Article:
The Economist | Saturday, August 22, 2015 | Editorial Board
WHEN the economics textbooks of the future are written, America’s ban on crude-oil exports will be a fine example of the perverse effects of protectionism. Similarly, a decision by Barack Obama’s administration on August 14th to allow American firms to swap some oil with Mexico, so easing the restraint, will earn an honourable footnote in the story of the ban’s inevitable demise.
Geology, engineering, economics and politics are all at play. In 1975, just after the first oil shock, America banned crude-oil exports in order to stabilise domestic prices. The country’s oil refineries are still configured to deal with the heavy, sulphur-laden crude oil it used to import. Now, thanks to the shale revolution, oil imports have plunged as production has soared. Oil from shale is lighter and less sulphuric. There are not many refineries in America that can deal with it efficiently. Yet the ban means it cannot be exported, either.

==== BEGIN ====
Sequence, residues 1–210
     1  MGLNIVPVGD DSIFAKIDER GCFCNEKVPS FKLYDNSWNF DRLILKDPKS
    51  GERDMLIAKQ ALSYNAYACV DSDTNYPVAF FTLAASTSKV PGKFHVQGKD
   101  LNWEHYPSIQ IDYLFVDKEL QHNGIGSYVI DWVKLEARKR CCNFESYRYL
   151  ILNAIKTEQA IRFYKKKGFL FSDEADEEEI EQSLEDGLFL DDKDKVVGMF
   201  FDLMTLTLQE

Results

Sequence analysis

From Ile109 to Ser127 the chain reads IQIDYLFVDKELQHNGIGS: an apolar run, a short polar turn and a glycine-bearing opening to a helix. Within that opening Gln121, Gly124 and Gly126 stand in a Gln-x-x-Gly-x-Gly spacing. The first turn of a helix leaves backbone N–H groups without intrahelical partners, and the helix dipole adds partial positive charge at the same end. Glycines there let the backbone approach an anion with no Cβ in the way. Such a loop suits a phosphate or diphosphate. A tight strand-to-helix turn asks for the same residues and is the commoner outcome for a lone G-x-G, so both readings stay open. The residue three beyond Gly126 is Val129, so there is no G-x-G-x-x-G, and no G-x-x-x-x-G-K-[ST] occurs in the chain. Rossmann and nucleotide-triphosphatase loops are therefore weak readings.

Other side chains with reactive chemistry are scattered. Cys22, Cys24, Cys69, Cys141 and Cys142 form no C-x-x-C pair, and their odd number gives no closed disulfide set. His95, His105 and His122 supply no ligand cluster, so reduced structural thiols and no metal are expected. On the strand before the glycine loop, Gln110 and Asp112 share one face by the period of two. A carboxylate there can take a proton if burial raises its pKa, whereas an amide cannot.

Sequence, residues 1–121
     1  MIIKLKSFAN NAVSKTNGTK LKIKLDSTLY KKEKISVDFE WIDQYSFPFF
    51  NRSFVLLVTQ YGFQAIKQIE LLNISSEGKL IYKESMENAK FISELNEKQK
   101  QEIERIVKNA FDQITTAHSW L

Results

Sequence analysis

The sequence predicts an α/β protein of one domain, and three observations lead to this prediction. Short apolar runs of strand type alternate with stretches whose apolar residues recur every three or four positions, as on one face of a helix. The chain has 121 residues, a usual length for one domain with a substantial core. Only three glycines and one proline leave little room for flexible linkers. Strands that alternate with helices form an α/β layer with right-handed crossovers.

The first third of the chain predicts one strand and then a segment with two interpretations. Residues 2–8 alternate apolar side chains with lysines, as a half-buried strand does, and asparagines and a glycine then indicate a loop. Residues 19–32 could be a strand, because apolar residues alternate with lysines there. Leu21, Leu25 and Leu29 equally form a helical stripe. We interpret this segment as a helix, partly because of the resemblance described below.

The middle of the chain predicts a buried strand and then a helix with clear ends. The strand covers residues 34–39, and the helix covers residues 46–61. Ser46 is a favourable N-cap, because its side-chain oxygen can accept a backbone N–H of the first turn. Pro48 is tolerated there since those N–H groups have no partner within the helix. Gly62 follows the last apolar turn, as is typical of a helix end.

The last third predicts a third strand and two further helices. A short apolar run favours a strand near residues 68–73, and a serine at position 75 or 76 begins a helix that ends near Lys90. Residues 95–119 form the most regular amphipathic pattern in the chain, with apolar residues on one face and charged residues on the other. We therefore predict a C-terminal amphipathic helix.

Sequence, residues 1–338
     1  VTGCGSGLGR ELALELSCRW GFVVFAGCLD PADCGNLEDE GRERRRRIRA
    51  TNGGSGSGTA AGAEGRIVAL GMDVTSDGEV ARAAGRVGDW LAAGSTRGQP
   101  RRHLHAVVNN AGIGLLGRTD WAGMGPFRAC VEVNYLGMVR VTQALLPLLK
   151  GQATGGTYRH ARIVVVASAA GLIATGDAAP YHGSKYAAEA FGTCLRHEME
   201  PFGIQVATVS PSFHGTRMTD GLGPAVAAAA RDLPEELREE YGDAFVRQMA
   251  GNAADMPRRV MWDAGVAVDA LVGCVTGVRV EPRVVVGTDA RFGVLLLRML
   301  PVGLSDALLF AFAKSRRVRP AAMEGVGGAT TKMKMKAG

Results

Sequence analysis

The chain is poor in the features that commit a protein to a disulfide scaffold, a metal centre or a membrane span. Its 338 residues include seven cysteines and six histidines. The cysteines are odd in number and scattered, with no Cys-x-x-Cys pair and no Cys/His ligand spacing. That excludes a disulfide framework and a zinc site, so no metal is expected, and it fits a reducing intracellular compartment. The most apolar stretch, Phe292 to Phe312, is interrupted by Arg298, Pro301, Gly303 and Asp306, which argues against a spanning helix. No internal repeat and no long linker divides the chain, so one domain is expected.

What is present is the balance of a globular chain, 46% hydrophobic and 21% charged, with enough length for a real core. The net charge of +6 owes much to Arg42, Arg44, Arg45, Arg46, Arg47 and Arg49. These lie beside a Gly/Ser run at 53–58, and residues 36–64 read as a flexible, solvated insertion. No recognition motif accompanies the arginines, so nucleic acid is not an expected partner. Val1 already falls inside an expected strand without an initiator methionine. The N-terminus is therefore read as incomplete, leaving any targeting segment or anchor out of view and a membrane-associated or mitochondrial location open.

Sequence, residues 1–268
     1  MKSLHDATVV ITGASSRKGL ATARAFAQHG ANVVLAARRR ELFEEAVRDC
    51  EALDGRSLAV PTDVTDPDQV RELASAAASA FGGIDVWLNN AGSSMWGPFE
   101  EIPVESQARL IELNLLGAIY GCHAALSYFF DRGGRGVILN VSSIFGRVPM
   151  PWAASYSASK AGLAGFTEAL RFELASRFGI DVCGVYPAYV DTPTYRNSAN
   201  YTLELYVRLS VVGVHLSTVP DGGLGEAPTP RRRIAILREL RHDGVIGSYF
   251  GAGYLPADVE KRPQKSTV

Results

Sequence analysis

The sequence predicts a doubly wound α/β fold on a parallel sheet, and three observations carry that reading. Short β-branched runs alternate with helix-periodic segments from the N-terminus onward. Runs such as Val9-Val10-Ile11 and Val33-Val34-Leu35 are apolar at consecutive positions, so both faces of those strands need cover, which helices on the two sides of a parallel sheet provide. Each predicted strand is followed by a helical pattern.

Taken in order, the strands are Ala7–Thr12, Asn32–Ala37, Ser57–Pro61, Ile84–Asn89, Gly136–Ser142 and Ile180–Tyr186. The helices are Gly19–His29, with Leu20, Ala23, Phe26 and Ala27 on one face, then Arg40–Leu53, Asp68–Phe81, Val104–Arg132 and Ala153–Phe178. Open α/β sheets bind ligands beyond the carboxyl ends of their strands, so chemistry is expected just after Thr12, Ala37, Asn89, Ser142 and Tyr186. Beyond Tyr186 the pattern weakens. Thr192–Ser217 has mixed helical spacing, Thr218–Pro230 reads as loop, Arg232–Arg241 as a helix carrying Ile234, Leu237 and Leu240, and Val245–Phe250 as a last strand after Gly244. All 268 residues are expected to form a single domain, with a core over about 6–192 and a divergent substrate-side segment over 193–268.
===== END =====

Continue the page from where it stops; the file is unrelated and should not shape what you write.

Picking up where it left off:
This archaic rule now keeps the price of domestically produced oil, signalled by the West Texas Intermediate (WTI) benchmark, at a hefty discount to the world price—currently over $6 per barrel. That has become particularly painful since OPEC’s excess production has sent prices tumbling. American oilmen fume that their potential export markets are being sacrificed to the interests of America’s refining industry, which enjoys artificially cheap feedstock thanks to the ban.